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how to write character analysis in Death of a Salesman

By Outworkerpost Support  1 year, 5 months ago

SalesmanPhoto: Salesman

Willy’s Character

In Death of a Salesman, Willy is not a likeable character. In the play, this can be proven from the life Willy lived. Biff and Happy discuss their father’s mental exhaustion and his attitude of talking to himself. He gets angry at the children all the time despite them telling him that they have plans for their future. It can be seen that Willy is not a likeable person when he gets angry with his boss just because he told him that he has to rest. His boss was acting in his best interest trying to protect the company. As a result, he lost his job. After Biff had presented his business plan Willy did not want to hear about what happened. Instead of trying to understand Biff's situation he gets angry after knowing that his proposal was declined.

Willy despite being married is caught by his own son having an affair with the receptionist. He does not take the time to iron out his issues. Willy fails to straighten things out with Biff about his affair that changes son's perception towards his father. Willy is not a good listener, which makes him less attractive as a role model to his family. Biff’s efforts to try and reconcile with Willy when he went out ended up into an argument. Biff hugs Willy with an intention of trying to get his father to accept him, but instead of Willy listening to Biff he thinks that Biff has forgiven him. Willy failed to be a good father to Biff and Happy and, as a result, he makes the mistake of killing himself thinking that it will be of benefit to Biff.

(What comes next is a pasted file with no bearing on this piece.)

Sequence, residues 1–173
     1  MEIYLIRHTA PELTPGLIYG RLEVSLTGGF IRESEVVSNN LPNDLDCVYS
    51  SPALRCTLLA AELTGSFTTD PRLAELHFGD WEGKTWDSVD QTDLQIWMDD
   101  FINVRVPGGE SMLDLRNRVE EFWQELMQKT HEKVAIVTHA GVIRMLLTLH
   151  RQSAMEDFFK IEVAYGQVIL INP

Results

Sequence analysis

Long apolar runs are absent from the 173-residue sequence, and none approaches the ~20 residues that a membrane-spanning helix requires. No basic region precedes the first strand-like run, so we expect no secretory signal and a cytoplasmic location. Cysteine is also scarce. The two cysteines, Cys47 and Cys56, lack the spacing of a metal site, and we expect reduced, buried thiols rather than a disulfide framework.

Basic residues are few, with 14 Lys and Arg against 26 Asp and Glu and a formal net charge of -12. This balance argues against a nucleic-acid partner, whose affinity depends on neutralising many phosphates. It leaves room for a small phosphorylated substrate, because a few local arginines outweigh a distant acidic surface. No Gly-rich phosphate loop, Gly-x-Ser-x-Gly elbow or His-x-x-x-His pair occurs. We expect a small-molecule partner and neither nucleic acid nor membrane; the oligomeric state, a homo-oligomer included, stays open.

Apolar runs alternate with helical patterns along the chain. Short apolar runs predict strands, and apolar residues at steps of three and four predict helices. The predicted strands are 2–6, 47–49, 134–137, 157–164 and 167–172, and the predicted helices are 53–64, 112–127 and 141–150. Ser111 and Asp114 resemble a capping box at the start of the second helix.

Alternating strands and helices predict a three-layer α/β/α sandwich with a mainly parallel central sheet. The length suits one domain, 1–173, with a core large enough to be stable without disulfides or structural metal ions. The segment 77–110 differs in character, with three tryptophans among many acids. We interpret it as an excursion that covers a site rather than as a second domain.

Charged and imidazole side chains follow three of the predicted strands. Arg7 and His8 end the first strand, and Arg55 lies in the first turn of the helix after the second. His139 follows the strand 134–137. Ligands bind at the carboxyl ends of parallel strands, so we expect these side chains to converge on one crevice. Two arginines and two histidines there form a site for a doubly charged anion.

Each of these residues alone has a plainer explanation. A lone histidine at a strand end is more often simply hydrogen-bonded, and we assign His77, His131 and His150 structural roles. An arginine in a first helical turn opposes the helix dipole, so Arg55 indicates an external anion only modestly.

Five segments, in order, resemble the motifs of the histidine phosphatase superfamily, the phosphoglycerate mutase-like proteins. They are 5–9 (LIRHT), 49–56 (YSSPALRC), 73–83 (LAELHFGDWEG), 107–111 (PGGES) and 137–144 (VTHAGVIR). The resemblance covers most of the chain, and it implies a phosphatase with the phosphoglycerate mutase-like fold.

Role of the Woman in Revealing Willy’s Character

Linda suggests to Willy that he should ask for permission from his boss to work from home, this is because she believes Willy has a bad state of mind. It proves that Willy does not have a good character and his own wife is not confident about him. When the children leave their father at the restaurant, Linda complains making it look like Willy was not safe being alone away from home. Existence of Linda as the woman of the house further proves that Willy’s character is not pleasing. Linda clearly shows that he is not reliable as the man of the house. Linda supports Willy in everything that he says despite knowing what is going on.

Willy’s Attitude Towards his Sons

Willy’s attitude towards his sons proves that he is not a good father. He does not consider their dreams and potential. He wants them to be what he thinks is right instead of getting to understand their desires. When Biff tries to talk to him about his experience in making the business proposition, he does not want to hear bad news. It shows that he does not appreciate Biff's effort in trying to make a life for himself.

Devices Used in Providing Exposition

Miller makes use of straight-forward ways of exposition together with devices of savvy authorial in providing exposition on setting and character. The main mode is dialogue that takes place in the present time of the play. When the play begins, Willy and Linda talk about their home and its state and also touching on their financial issues (Miller, 1-2). They talk about their son which introduces his character.

Miller introduces paramount background information through the use of flash backs and thoughts. It is evident when he starts thinking about what happened in Boston when his son caught him having an affair with the receptionist (Miller, 1-4). His thoughts are crucial to the story since they clearly explain his current relationship with his son. His flashbacks provide some light on the happenings described in the story. Willy’s affair resulted in Biff changing his views about his father.     


Work Cited

Miller, Arthur. Death of a Salesman. Oxford: Heinemann, 1994. Print.